The rain might have thinned the crowds and vendors, but the smell of smoked meats wafted in the air and barbecue fanatics still turned out in droves Saturday for Hitchcock’s 47th annual Good Ole Days.
“This has really some of the best barbecue,” said Richard Young, of Cypress, who has been a judge at the festival for about 11 years.
Hitchcock’s biggest celebration meant to mark the final days of summer got off to a rocky start Saturday as a morning rainstorm created puddles around the festival’s grounds and damaged several tents.
But, while the inclement weather stopped some, more than 90 barbecue teams showed up to vie for acclaim and Hitchcock residents were content to eat good food and enjoy the slightly cooler weather.
“It’s been a tradition for a long time,” said Donnie Whitfield, of Hitchcock, who sat on barstools with his brother as the two drank beer and took in the sights. “A lot of the appeal is that family atmosphere — a lot of us all went to school together and this is like an unofficial reunion.”
Former Hitchcock mayor and postmaster Charlie Clifford started the event in 1972 and gave it its theme and title, officials said.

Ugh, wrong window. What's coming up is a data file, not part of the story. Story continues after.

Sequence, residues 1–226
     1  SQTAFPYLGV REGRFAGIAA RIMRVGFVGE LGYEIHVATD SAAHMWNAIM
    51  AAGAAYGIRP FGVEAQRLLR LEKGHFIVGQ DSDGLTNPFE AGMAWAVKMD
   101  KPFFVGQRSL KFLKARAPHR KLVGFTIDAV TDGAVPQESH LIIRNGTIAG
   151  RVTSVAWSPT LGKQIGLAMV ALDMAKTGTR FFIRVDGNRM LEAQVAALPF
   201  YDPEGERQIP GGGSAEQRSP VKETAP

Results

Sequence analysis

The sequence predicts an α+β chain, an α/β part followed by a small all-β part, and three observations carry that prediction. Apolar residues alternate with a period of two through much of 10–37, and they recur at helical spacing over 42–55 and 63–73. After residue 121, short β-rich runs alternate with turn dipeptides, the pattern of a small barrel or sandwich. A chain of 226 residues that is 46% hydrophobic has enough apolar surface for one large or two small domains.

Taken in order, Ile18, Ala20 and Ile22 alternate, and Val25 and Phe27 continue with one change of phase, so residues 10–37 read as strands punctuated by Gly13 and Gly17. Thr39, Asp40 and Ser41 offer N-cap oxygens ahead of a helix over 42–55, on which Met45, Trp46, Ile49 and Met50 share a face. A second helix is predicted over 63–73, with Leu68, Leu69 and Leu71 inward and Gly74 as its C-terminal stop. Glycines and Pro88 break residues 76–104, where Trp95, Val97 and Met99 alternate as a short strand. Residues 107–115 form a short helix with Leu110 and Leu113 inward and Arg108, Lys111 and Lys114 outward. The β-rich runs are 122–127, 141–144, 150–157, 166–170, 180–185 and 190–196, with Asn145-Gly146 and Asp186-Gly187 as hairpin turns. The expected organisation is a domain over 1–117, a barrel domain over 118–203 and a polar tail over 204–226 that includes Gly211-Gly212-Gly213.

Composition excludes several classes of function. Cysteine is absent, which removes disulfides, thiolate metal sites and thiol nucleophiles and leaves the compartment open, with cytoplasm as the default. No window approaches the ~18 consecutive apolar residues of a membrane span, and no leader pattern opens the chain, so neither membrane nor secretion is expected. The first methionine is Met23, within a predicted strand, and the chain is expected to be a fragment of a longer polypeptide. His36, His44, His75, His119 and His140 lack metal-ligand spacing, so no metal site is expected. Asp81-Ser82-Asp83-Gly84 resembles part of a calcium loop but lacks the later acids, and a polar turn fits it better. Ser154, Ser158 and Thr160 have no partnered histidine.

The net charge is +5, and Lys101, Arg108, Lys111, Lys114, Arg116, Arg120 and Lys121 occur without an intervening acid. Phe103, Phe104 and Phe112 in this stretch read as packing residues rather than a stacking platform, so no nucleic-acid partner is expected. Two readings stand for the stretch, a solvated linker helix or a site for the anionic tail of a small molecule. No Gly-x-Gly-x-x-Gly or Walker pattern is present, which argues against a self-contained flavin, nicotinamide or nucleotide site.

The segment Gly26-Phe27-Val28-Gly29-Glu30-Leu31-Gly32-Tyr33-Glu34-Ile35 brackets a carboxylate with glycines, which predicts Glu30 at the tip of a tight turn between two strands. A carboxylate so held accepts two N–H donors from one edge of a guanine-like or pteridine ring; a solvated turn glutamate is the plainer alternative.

Many of the barbecue teams, including the Whitfield’s, have competed at Good Ole Days for as long as they can remember.
“We started coming around 1978 or 1979,” said James Daly, a Hitchcock resident.
Daly is part of a team including David Sendejas that is celebrating its last go-round before turning over operations to a younger generation, Sendejas said.
“We like it a lot, but preparing for this is just a lot now,” Sendejas said.
The annual event, sponsored by the Hitchcock Chamber of Commerce, also included a mutton busting competition and live music, among other things.
While barbecue fans were sated, this year’s edition was missing several staples that would normally draw children, such as a carnival and rides, attendees said.
“You can look and see, there are no people around,” said Wael Awar, of Texas City, who brought the food booth, Sparta Houston, to the festival.
Saturday’s event was the perfect storm of events leading to a decreased attendance, said Willie Windham, a member of the Hitchcock Chamber of Commerce and an organizer behind the festival.
“A lot of volunteers called and said they were still doing a lot of work on their houses because of Hurricane Harvey,” Windham said.
Whatever the setbacks, Saturday’s festival was still a nice respite from the week, city Commissioner Mark Cook said.
“I’ve been cooking for 10 to 15 years,” Cook said. “I just do it for fun, I don’t cook to win.”